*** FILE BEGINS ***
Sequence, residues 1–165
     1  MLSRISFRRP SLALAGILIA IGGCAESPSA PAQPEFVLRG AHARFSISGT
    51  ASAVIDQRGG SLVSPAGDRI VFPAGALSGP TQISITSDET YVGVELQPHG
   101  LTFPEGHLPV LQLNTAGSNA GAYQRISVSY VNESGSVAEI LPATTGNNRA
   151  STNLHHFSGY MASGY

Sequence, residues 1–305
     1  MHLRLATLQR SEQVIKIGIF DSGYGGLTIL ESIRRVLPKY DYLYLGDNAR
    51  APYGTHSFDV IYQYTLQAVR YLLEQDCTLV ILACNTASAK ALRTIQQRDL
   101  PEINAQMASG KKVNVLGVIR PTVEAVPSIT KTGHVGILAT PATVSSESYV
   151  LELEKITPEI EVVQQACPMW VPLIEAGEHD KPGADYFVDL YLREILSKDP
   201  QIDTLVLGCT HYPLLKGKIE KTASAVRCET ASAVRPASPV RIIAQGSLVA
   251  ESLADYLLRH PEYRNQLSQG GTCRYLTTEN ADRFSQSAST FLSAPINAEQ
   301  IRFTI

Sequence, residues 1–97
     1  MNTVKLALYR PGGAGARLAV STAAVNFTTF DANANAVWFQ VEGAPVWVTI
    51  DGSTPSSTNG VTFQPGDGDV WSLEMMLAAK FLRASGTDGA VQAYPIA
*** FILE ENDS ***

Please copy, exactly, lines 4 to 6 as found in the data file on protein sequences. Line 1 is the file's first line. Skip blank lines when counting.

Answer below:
   101  LTFPEGHLPV LQLNTAGSNA GAYQRISVSY VNESGSVAEI LPATTGNNRA
   151  STNLHHFSGY MASGY

Sequence, residues 1–305